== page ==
The need for better access to medicines is highest in low- and middle-income countries
There are many countries where very few of the products included in this analysis have been registered
Filing for registration is a vital first step towards introducing a medical product into a country, as successful registration means that a product is now allowed to be imported and sold.
Companies can register their products with the national regulatory authorities of each country, by filing dossiers of technical, medical, and scientific information. Alternatively, in some cases they can make use of special import processes that can waive registration for certain essential medicines, such as tuberculosis medicines.
Typically, pharmaceutical companies first file for registration in higher-income countries with larger markets. However, considering that less wealthy countries often have the highest need for new products, pharmaceutical companies should register their products widely in low and middle-income countries (LMICs).
Which products were included in this analysis?
Across the 17 companies, the Benchmark examined 166 medicines and vaccines to assess how widely companies are filing for registration:
18 on-patent antibacterial vaccines, marketed by four companies – GSK, MSD, Pfizer, and Sanofi.
17 on-patent antibacterial and antifungal medicines, marketed by seven companies – Cipla, Johnson & Johnson, MSD, Otsuka, Pfizer, Shionogi and Viatris.
131 off-patent/generic medicines, marketed by 16 companies – all companies in scope except for Otsuka.
As in the 2020 AMR Benchmark, in 2021 the products in this analysis are generally not widely filed for registration across the 102 LMICs in scope. Only six on-patent medicines have been filed in ten or more of these countries.
Vaccines are filed much more widely than patented medicines, reflecting high international demand as well as the impact of supranational pooled procurement agencies such as Gavi, The Vaccine Alliance.
Which LMICs account for the most registration filings?
The five countries within the scope of this analysis where the most registrations have been registered are South Africa, the Philippines, India, Brazil, and Thailand. More than 45 filings were reported in those countries during the period of analysis, with South Africa benefitting from the highest number of filings (56 in total, across the 166 products). Compared to other LMICs, these countries provide greater revenue opportunities for pharma companies due to their large patient populations in need, as well as mixed payments from private insurances, public health systems or out-of-pocket expenditure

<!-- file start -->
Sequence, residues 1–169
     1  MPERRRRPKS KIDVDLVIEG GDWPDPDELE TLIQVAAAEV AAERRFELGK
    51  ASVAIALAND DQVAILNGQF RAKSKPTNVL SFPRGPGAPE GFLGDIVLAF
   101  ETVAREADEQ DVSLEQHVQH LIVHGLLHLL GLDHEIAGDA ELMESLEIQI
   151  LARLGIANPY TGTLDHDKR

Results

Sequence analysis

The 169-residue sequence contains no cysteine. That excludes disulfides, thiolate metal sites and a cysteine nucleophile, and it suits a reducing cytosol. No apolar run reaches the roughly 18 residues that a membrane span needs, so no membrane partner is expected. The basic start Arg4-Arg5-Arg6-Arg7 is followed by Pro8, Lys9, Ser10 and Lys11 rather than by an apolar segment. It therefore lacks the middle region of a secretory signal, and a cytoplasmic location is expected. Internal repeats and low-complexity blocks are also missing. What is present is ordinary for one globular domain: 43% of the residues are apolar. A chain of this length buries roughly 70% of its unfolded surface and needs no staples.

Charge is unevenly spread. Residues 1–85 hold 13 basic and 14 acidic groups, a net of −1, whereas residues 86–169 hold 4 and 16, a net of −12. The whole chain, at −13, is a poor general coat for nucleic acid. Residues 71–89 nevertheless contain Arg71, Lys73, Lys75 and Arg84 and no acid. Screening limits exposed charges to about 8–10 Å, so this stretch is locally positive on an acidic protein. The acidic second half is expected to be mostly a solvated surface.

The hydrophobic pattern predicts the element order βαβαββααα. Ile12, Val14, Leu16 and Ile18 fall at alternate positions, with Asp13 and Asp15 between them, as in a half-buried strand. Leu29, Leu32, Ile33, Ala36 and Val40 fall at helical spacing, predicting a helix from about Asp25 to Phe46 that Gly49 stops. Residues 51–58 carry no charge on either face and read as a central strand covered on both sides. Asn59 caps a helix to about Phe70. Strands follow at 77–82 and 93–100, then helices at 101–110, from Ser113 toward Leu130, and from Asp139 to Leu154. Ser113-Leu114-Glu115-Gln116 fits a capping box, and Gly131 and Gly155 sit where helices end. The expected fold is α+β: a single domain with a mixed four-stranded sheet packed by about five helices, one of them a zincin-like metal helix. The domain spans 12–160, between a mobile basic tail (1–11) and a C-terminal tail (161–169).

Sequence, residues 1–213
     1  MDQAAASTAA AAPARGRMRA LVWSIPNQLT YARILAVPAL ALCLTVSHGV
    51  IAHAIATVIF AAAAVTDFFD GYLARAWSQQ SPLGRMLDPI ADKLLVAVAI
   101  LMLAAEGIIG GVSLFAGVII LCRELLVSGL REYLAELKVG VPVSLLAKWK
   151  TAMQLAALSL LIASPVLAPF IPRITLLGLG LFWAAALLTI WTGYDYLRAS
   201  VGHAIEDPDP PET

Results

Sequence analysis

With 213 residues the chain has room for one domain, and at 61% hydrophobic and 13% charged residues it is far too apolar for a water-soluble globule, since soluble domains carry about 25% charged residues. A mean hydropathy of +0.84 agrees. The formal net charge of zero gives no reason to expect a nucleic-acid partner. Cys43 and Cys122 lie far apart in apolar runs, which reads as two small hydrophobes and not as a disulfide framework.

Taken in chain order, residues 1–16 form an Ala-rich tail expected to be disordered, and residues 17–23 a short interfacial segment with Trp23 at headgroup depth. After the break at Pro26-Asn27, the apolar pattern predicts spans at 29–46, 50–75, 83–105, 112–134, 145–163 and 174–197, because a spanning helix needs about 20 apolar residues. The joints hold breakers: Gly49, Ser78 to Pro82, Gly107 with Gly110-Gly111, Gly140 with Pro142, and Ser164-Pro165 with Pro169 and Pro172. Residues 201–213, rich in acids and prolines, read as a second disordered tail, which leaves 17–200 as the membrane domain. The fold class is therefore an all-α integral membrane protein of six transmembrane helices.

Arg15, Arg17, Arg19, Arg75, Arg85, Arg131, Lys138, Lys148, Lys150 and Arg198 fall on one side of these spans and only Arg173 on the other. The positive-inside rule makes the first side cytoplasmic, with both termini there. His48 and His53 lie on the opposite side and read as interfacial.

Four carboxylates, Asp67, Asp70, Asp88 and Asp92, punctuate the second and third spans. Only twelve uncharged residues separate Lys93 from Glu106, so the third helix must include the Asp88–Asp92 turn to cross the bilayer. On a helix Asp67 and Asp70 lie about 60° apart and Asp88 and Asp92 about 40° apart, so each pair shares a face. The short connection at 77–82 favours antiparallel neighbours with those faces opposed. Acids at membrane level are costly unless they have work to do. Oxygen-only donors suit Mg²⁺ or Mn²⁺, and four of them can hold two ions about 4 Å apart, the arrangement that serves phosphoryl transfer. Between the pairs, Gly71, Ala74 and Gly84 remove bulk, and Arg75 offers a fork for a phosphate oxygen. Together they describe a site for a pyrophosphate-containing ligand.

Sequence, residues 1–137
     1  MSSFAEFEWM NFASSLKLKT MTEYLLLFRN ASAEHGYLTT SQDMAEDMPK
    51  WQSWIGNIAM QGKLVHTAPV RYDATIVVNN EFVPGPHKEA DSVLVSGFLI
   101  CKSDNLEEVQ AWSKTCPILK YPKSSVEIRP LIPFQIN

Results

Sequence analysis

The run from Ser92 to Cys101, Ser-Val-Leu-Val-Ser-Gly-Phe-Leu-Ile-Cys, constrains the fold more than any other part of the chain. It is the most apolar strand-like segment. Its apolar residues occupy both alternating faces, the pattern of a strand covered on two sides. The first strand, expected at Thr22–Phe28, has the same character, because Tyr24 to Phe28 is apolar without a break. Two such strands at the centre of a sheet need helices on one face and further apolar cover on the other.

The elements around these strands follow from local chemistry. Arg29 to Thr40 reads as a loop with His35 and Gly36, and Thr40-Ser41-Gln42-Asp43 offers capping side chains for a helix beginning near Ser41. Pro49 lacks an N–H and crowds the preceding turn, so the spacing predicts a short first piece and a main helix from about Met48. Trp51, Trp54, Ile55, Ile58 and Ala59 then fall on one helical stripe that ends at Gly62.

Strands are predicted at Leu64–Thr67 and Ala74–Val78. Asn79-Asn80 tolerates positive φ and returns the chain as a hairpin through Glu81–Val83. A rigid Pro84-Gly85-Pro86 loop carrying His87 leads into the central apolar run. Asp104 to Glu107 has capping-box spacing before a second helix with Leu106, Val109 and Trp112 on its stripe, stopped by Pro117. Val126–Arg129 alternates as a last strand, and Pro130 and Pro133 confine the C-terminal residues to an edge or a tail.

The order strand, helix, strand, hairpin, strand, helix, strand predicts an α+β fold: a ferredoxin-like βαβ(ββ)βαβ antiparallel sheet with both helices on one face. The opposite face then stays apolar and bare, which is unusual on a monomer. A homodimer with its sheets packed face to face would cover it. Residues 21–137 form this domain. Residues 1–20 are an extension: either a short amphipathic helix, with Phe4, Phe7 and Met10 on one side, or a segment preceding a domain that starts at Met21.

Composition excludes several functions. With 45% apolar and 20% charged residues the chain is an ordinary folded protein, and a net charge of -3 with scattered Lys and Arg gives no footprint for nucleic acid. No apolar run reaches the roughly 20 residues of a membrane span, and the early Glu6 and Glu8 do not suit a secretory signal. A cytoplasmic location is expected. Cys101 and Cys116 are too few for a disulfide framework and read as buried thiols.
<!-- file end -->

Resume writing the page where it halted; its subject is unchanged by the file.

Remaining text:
Which LMICs account for the least registration filings?
There are 14 countries in which none of the products in scope are known to have been registered. These countries include Somalia and South Sudan, which face political instability, as well as small countries like Tuvalu and Vanuatu, which are hard-to-reach countries that rely on imports for most of their medicines.
While the Benchmark identifies little forward movement on registering antimicrobials and antifungals in low- and middle-income countries (LMICs), there are tangible steps that companies can take, namely: to prioritise the registration of medicines and vaccines more widely, or, when applicable, to use an alternative option of special import waivers in order to facilitate access; and to focus on registering products in countries where the number of registered products is the lowest, and where the burden of diseases is highest, in order to reach those who are most in need.
In expanding product registrations, pharmaceutical companies will need to navigate a range of challenges that can act as a barrier to registration:
There are various reasons why a company may or may not file a product for registration in a specific country, including:
- Competing products already on the market in that country;
- Market size and financial opportunities;
- Policies on pricing transparency;
- Political instability, conflict, or economic sanctions;
- Unclear local regulatory requirements, and long processing times for registration.
An increasing number of LMICs now require marketing authorisation to license and manufacture a product. Yet, the submission of dossiers can be lengthy and burdensome for companies. Some regulatory authorities may also lack the technical expertise to assess the dossier, resulting in long waiting times before regulatory approval..
Few online regulatory databases yet track the registration of medicines in smaller LMICs. Because regulatory agencies in these countries may lack the capacity for building and updating such databases, companies can play a role in being more transparent on where they file their medicines for registration. For example, Johnson & Johnson is the only company in scope to publicly disclose where it filed its multidrug-resistant (MDR-TB) medicine bedaquiline (Sirturo®) for registration.
In response to some of these challenges, a number of bodies and
programmes have been established, and are already providing companies with support for product registration:
- The WHO Collaborative Registration Procedure
- The African Medicines Regulatory Harmonization (AMRH) programme
- The African Medicines Agency (AMA)